Tuesday, July 7, 2009

Open thread, Tuesday

A nice shot by Lesley from our recent trip to the Mendocino County coast.

Since you're reading this, so you're not vacationing, there are several gigs this week to check out: jazz jam at The Raven Thursday 8-10, the trio at Tlaquepaque Friday afternoon, the quartet featuring Susannah Martin at Ken's Creekside in VOC Friday 9-12, and Big Daddy in front of the PV Harkins on Saturday 5-9. Hope to see you out and about.

Scene from my window: Talking nonstop, holding his cellphone to his left ear, a driver tries to manhandle his street-sweeper with one hand through a U-turn among the parked cars in front of my house, wiping out some edging and narrowly missing my fence, backing up nervously, then sailing back down the street, leaving the usual dirt cloud and muddy trail behind him and missing the gutter completely. Who trains these guys?

And just for fun, a nine-minute instant mind-expansion on what this means to a physicist or mathematician.

Prescott's lion finally loses to urban perils

The story-under-the-story here is what really fascinates me. We learn that Game and Fish collared a mountain lion living inside the city limits and tracked it for three years to study its habits. What we don't see in Joanna's story is whether the City or Game and Fish informed the people in those neighborhoods about what most residents would see as a risk that little Janie might be plucked out of her sandbox and dragged into the bushes for lunch. I don't have any argument with the science, but I gotta wonder about the informed-consent part of it, and I look forward to the comments.

Editorial: Money gets more and more scarce

Today the unnamed Courier editor illustrates a couple of very basic propaganda/marketing techniques: oversimplification to confuse, and recasting events to fit the desired narrative.

Never mind that there's a whole lot more to understand about the budget situation, both fiscally and politically. The editor wants to spoon-feed you a simple good-guy/bad-guy story. The bad guy is the governor who wants to tax you and spend the money on stuff you don't need. The good guys are the noble anti-tax legislators who won't "break faith with their constituents." I'm surprised he didn't throw in a scene from High Noon to add some thrilling drama.

Readers who understand basic logic will notice that his argument is founded on a cracked premise. He writes, "Many of Brewer's fellow Republican lawmakers won their legislative seats on promises of no tax increases," implying that those Grover Norquist-inspired anti-tax pledges so adored by the extreme right have a real vote-getting effect. Since blind anti-tax zealotry is only shared by a small minority of voters (generously, 12-15%), and they have no one else to vote for, it's obvious that they can't really affect a close race, even a Rep primary. They take credit for what they didn't do just to puff up their importance, and it often works in the public mind, giving them more influence on legislators than they truly warrant. I've seen the threatening stuff the Goldwater Institute and its attack dogs circulate to legislators, and folks, I gotta tell you it's definitely ugly and I'm sure scary to spine-challenged pols.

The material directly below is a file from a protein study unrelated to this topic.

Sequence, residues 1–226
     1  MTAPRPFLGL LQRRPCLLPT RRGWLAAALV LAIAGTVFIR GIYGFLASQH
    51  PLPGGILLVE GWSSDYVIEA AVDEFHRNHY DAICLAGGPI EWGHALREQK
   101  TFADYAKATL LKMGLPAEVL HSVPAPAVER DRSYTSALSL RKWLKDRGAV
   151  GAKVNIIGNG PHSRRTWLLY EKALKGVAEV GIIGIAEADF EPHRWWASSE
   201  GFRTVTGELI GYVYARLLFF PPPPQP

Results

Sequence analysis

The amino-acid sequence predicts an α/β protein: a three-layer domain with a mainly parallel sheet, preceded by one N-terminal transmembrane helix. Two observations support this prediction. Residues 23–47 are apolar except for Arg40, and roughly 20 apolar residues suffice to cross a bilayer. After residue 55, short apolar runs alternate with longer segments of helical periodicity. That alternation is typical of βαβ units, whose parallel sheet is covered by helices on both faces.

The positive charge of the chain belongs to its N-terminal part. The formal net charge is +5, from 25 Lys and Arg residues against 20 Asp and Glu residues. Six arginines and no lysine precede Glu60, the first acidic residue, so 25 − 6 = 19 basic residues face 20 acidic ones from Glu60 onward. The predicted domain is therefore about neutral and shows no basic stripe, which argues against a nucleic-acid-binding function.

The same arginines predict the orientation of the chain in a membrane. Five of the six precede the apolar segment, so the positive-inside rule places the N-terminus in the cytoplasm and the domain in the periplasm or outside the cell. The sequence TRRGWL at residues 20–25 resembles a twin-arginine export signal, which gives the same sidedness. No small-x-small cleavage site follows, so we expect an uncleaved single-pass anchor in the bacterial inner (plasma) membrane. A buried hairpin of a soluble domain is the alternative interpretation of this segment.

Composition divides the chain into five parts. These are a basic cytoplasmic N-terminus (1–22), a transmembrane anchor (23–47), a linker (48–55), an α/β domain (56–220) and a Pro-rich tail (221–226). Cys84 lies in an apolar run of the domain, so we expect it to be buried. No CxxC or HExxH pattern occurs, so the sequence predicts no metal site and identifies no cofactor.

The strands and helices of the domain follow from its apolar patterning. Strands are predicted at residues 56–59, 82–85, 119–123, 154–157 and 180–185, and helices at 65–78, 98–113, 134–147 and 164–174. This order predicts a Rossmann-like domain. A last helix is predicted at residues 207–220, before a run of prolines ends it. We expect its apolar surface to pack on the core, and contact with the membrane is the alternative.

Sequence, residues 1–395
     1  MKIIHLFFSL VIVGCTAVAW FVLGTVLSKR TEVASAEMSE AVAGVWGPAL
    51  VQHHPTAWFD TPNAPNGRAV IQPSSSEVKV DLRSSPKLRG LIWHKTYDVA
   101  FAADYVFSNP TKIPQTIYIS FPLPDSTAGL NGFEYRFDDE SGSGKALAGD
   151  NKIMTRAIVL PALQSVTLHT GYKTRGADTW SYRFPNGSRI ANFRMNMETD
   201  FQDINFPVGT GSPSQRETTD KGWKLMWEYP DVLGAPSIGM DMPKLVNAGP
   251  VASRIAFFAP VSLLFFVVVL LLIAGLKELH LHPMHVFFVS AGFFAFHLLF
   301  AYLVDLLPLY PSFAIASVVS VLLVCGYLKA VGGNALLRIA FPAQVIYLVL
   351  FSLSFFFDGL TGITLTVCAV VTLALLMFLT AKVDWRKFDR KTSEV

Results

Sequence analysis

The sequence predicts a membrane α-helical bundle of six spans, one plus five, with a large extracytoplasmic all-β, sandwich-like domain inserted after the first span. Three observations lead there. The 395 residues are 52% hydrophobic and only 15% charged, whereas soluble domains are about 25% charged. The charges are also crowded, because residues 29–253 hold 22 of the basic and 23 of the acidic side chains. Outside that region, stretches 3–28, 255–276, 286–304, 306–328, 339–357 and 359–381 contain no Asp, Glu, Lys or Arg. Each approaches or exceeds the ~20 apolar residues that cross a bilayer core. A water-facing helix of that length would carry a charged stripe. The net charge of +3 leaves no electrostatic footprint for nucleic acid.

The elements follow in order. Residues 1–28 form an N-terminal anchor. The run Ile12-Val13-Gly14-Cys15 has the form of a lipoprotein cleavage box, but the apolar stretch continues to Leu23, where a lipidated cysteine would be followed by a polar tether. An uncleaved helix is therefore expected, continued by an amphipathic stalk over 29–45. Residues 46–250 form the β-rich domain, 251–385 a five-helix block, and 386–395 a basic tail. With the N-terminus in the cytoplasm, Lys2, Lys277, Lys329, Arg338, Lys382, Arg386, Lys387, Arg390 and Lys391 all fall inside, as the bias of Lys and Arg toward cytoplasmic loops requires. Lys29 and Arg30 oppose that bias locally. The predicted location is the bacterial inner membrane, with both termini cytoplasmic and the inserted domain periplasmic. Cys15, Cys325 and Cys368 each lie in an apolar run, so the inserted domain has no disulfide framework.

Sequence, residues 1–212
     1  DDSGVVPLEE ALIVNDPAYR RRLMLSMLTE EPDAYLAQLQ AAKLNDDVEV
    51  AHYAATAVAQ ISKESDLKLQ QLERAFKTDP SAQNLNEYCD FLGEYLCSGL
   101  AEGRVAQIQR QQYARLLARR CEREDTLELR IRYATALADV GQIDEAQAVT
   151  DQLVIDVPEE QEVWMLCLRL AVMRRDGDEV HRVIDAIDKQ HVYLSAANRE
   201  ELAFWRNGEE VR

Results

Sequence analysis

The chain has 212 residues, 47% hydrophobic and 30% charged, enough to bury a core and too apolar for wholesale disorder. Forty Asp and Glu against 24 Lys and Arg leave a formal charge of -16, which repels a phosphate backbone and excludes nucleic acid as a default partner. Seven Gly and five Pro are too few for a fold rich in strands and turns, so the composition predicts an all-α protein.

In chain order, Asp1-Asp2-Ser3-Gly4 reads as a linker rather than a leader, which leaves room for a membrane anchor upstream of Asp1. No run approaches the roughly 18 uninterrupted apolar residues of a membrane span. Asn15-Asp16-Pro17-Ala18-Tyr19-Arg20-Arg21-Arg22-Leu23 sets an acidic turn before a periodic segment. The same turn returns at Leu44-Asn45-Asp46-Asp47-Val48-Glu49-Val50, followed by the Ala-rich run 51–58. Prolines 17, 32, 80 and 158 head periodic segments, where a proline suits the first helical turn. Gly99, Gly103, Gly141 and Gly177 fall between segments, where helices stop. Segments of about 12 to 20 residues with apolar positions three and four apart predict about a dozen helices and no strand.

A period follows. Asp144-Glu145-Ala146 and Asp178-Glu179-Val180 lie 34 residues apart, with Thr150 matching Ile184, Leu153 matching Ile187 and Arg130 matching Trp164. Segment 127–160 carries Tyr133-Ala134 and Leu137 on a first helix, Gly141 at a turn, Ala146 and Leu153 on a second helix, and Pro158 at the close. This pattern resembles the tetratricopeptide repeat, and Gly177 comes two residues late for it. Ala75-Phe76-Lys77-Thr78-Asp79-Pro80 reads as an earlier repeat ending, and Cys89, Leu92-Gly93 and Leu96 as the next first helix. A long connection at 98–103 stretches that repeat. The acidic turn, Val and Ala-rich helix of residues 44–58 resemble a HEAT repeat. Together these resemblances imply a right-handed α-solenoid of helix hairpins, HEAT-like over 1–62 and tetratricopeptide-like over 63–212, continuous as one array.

The truth is that the radicals who 'signed anti-tax pledges' did so not because a significant body of their constituents demanded it, but because they truly believe, like Norquist, that the best government is a dead one, and they don't give a rat's ass about the majority of constituents who would prefer that politicians engage their brains before making law. These are the same pols who have been holding up the budget process (in the train-robbery sense) for months. Contrary to the Courier editor's narrative, they are really the black hats in this movie.

The white hats are the sensible moderates, including the Governor, who are trying to get through the hail of black-hat bullets before the deficit train runs down Little Nell Arizona. Ack, enough!

So why does the editor want you to accept his Bizarro recasting of the story? Because he's in the gang with the bad guys. He would happily deprive you of needed government services like infrastructure, education and health care because he's got his and he truly believes that he shouldn't have to pay for any more. It's a short-sighted, adolescent worldview, not conservative at all, but radically anti-government. And he'll wrap himself in the flag to pitch it to you.

So if his narrative is so twisted, what about his supposed paradigm-shifting point, that "states are out of money?"

It's easier to see in California, where in '78 the anti-tax zealots won the day and instituted tax rules designed to bankrupt the government. It took a couple of decades, but it worked. Meanwhile those darksiders got to work on financial and corporate deregulation to maximize profits, and we found ourselves holding the bag on a hollow, deindustrialized economy and a financial system looted by gangsters. The issue is not that the states are out of money. It's that the bad guys stole it. And they've got the gall to feed us D-Day's line from Animal House: "You fucked up -- you trusted us!"

This particular paradigm hasn't shifted. Our system is basically sound, but it needs repair, particularly a big hole in the wall of the vault. If we can reindustrialize based on clean energy production, play hardball against the corporations who demand to use our infrastructure for free while draining us of money, and keep the professional gamblers from playing high-stakes roulette with our financial system, we'll be able to get back on track. But we weren't insured for it, so we'll have to pay to fix that wall, no question about it.